Interestingly enough, however, an extreme view of individuality may have played a part in the rise of governmental programs of social justice. In our society of individualism and self-reliance, we sometimes view ourselves more in terms of being an isolated autonomy, rather than members of a community. As individual as we may be, our independence as a sovereign does not exclude us from the fact that we are also members of a community, and therefore are responsible for our participation in that community. The individualistic refusal to participate in the community helps the statists in their argument that the government must fill a void where the needy must be taken care of.

We are individuals, and should not consign ourselves to some governmental experiment in collectivism. Our relationships with others demand that we, as individuals, share in our local communities, and as a result we do have a basic moral obligation towards other human beings. That responsibility is to help, not make the others dependent upon us or the government. When a person is taught not to pull themselves up by the bootstraps, they become slaves to the system. Sometimes the bootstraps are not so easy to tug on, which is where we, as individuals, ought to offer a helping hand.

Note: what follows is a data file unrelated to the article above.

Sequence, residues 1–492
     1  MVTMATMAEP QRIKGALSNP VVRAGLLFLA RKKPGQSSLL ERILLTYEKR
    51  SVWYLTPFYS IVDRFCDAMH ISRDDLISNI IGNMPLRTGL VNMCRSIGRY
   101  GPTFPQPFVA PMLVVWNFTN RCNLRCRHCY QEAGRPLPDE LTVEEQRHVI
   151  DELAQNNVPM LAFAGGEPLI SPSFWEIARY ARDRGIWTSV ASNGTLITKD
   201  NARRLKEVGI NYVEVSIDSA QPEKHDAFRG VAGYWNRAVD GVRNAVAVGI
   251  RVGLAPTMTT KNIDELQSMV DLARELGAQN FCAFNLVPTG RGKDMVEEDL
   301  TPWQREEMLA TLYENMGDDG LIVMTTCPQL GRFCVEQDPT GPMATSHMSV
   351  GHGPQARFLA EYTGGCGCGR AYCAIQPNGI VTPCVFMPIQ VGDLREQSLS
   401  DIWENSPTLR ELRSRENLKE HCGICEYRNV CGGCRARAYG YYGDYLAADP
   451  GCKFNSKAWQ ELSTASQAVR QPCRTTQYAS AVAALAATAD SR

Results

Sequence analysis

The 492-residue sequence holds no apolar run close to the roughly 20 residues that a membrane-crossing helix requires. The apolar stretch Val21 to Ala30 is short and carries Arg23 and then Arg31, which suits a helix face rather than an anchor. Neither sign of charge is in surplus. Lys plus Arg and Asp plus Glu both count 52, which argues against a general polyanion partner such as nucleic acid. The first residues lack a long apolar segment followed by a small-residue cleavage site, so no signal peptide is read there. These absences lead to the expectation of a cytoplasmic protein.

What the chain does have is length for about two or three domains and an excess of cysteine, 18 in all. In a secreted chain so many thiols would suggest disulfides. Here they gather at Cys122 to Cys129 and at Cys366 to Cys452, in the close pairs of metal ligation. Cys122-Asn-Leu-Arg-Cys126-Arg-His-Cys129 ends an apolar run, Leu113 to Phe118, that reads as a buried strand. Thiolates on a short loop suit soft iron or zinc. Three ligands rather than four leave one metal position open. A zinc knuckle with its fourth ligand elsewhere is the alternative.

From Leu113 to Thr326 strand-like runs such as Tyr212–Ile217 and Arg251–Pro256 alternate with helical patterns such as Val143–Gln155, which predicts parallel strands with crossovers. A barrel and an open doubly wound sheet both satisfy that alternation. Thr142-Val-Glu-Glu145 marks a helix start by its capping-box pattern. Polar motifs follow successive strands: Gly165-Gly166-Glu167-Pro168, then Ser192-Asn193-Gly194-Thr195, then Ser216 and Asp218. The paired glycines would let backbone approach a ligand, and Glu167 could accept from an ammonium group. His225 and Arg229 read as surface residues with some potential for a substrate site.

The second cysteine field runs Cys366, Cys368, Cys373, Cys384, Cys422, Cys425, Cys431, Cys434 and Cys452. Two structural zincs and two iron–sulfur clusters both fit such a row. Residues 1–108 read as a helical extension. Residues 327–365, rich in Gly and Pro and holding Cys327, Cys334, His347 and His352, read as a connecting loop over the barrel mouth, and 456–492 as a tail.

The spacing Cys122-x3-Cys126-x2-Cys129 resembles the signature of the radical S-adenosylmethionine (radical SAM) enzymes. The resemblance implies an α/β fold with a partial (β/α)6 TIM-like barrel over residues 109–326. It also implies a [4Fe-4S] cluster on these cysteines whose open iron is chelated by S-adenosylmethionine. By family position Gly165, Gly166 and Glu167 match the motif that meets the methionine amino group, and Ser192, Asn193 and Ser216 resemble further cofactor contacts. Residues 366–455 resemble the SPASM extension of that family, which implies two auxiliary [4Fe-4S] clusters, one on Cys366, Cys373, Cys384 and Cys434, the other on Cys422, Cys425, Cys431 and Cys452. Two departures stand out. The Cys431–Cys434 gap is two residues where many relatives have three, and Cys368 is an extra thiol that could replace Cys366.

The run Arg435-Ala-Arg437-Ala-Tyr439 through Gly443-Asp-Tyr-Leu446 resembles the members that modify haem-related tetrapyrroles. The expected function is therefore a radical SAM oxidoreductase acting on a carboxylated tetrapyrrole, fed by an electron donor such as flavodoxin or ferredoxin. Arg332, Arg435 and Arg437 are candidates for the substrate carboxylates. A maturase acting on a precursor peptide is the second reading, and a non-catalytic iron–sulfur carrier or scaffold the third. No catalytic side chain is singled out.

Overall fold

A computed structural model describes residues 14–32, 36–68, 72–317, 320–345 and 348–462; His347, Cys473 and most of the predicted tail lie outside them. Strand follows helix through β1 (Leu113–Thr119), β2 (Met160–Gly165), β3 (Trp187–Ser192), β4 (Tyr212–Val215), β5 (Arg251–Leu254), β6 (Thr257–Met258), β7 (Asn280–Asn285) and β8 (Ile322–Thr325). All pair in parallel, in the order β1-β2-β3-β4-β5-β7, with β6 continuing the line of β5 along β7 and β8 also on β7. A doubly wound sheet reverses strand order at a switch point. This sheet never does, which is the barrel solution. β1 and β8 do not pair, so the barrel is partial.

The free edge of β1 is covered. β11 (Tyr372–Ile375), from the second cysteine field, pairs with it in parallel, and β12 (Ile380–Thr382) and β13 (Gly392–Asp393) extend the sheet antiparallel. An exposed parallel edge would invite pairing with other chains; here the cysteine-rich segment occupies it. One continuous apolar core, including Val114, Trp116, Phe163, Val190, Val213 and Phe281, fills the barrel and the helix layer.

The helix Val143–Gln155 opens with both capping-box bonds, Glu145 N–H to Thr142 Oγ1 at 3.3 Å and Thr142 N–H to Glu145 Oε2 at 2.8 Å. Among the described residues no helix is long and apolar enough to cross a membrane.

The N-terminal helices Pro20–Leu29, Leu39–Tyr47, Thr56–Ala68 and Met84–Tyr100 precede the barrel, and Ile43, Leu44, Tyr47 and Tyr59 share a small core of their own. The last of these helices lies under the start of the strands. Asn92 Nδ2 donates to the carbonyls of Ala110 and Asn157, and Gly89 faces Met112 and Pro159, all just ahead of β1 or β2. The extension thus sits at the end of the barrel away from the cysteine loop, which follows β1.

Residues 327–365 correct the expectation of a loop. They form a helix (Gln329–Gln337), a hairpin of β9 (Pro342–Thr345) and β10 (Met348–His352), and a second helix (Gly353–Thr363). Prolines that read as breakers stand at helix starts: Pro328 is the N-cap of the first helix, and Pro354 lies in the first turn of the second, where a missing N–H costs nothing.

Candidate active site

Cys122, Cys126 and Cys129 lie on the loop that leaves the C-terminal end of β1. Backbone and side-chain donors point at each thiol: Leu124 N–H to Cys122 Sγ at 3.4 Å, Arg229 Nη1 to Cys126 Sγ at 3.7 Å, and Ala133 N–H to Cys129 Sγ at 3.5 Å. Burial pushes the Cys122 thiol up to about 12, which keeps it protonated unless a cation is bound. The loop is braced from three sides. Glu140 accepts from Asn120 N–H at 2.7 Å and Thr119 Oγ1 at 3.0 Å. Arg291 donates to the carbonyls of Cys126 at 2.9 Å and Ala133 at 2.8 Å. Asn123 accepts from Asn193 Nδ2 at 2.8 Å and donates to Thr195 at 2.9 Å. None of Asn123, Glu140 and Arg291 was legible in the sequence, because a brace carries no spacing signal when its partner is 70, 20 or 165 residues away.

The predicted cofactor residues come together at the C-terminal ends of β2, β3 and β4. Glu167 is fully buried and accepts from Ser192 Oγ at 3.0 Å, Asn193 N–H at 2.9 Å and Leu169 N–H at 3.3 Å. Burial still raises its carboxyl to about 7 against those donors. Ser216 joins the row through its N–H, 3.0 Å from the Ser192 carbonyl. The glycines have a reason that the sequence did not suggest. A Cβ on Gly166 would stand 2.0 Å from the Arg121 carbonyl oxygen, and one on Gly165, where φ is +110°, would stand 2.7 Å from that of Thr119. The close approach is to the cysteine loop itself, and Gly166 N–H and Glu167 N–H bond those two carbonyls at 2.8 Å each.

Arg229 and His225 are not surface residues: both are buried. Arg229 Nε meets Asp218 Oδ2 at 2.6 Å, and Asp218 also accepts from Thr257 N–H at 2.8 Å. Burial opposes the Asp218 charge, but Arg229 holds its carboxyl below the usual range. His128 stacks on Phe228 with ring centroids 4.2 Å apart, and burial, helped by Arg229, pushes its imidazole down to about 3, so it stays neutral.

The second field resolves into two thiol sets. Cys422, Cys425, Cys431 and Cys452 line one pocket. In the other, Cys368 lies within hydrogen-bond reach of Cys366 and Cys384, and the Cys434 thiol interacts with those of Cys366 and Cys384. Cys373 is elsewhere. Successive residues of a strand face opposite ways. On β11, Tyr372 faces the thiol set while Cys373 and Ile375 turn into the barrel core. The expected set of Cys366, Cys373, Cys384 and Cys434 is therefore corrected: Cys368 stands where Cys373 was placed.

Give a man a fish, and feed him for a day. Teach a man to fish, and he will be fed for a lifetime.

Mutual responsibility to each other on a voluntary, individual basis is essential to the maintenance of a healthy society. The more we feel we can rely upon each other, the less some of us may be tempted to turn to government for help and quick remedies. The key to return to a society where the community takes care of its own, without governmental interference and political games, begins not only with reforming entitlement programs, but working locally to restore a sense of teamwork in the community.

To accomplish what the Founding Fathers intended includes the difficult task of reforming current governmental "social justice" policies, while also discouraging people from running to government as their primary bailout.

The U.S. Constitution does not authorize the federal government to provide "social justice," and that authority was not given to the federal government for a reason. The Founding Fathers understood that if the federal government became the provider of things the individuals and communities can provide for themselves, in the long run, the entire American System would collapse, and from the ashes would rise a tyrannical system.

"If the government is big enough to give you everything you want, it is big enough to take away everything you have." -- President Gerald Ford.

-- Political Pistachio Conservative News and Commentary